If you could pick one county to hunt this year -- and could afford the cost -- you'd want to consider Kenedy. Spurred on by the intense size and management practices of the legendary King Ranch, Kenedy produced the most TBGA entries with a total of 65. Other notable counties in the region were Dimmit with 47 entries, La Salle (37), Webb (35) and McMullen (16).

Five of the 10 biggest non-typicals and five of the 10 top typicals came from South Texas. Overall, the region produced 17 non-typicals that netted 180 or higher and 29 typical bucks that netted 160 or higher.

It's good to be the King!

This portion of the state receives the most hunting pressure and has the highest harvest rates, but that doesn't mean that some big bucks don't slip by each season. Our family has hunted on the western edge of the region for the past 15 years, and each year at least one of us has the chance to harvest a fantastic buck.

This year should be no different for our hunting party, or for anyone else in the region. Ample rainfall in the winter and spring heading into the summer months will have fostered decent food sources throughout much of the year, setting the stage for an above-average fall. Hunters on leases managed year 'round have an advantage over others in the region, but some big deer are always taken on low-fenced ranches.

The biggest whitetail buck killed in this region last fall was a Kerr County deer taken by Kirk Smith that netted 202 1/8, while the biggest typical whitetail taken was Steve Kent II's Kerr County buck netting 175 3/8.

Kerr County again was a great locale with 36 total TBGA entries, but Irion (30), San Saba (30), Reagan (19), Mason (15), and Llano (15) also produced some big whitetails.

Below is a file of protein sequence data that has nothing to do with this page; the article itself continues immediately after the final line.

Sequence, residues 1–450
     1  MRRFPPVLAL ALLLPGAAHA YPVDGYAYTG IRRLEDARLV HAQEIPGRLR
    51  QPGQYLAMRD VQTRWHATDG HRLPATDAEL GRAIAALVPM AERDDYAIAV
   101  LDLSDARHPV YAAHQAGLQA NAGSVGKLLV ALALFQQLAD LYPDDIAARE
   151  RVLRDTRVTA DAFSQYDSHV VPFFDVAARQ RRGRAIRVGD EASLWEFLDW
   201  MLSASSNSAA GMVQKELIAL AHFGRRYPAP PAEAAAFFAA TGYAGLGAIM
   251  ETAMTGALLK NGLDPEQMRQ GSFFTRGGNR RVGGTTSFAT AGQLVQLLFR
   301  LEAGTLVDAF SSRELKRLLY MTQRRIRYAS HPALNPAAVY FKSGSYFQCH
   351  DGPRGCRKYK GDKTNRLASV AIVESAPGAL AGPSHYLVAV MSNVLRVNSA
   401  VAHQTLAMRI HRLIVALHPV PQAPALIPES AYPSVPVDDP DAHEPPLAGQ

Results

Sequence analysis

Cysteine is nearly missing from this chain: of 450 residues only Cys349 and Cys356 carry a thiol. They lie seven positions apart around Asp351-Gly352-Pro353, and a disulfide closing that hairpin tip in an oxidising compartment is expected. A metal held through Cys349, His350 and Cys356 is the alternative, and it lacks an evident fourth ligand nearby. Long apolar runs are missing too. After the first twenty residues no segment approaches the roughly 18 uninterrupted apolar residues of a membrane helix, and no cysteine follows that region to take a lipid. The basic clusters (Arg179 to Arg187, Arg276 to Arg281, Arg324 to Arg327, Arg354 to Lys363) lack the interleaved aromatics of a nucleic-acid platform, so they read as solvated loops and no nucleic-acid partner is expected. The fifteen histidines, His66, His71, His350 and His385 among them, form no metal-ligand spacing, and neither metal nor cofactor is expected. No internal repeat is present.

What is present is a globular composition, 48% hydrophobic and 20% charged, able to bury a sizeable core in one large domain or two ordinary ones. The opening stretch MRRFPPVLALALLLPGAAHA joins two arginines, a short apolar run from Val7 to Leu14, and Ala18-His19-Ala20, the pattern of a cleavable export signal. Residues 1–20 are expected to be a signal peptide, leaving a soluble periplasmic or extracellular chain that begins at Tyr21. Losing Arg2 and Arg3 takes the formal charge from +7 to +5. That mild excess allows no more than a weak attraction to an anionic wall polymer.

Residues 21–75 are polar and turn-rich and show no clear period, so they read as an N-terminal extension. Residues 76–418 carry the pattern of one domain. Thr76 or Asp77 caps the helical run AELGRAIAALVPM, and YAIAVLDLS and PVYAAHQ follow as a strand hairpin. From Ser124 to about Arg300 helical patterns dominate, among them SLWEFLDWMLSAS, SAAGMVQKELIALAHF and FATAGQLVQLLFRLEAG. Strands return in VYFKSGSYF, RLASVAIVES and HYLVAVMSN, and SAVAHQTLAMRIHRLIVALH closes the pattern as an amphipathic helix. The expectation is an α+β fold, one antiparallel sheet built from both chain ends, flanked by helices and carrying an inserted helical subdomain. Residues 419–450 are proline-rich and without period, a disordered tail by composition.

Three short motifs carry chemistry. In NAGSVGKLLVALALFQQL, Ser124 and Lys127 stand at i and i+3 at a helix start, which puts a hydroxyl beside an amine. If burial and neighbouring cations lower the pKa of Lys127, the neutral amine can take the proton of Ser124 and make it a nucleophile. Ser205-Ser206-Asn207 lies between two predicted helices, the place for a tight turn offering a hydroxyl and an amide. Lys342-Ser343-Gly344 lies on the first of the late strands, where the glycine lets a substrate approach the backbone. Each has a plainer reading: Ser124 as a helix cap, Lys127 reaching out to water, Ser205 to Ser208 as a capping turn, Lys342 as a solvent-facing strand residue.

What-ifs have always surrounded East Texas' deer season, but if the forecast holds, this year could make up for tough hunting in the past.

Gary Calkins, TPWD district leader in Jasper, believes that the eastern portion of the state is set for a good hunting year. "It should be an above-average deer season," he said. "We didn't have an excellent acorn crop or conditions last season, but they weren't too bad either.

"The northern portion of the Pineywoods under antler restrictions is especially headed for a good year. The antler restriction data that we have shows things are going picture-perfect. We're shifting age-structures really fast after having to basically restart after a tough season in 2005."

As for as the usual suspects for producing big bucks, Calkins named a pair of counties. "Trinity and Newton counties are alm

ost sure bets for some better deer every season," he said. "There will be some good deer that pop up here and there as it goes, but there are more counties on the northern end of the Pineywoods that are producing better deer right now. There is some tough hunting, but with lower densities in some places, the chances are good when you see a buck it could be a better deer."

Calkins pointed to potentially fruitful public areas. "Bannister Wildlife Management Area always produces a couple of nice bucks for hunters every year," he said, "and there are also some public tracts in Newton County that will produce a good buck."

Last season, the biggest whitetail buck harvested in the region was a Gregg County deer taken by John Smith Jr. that netted 182; the biggest typical whitetail taken was Richard Kreger's Newton County buck netting 162 1/8. Trinity County was the hotspot in the region with 22 TBGA entries. Nacogdoches (20) and Houston (15) were among the top counties.

This region continues as a solid bet for big whitetails. Many may not consider it big-deer country at first thought, but according to David Brimager, people are noticing, and entries from the region are increasing.

"It's not a South Texas-driven deal anymore when it comes to bigger bucks," he said. "More hotspots are showing up in a lot of areas such as the eastern and southeastern Panhandle, and people are taking advantage of those opportunities."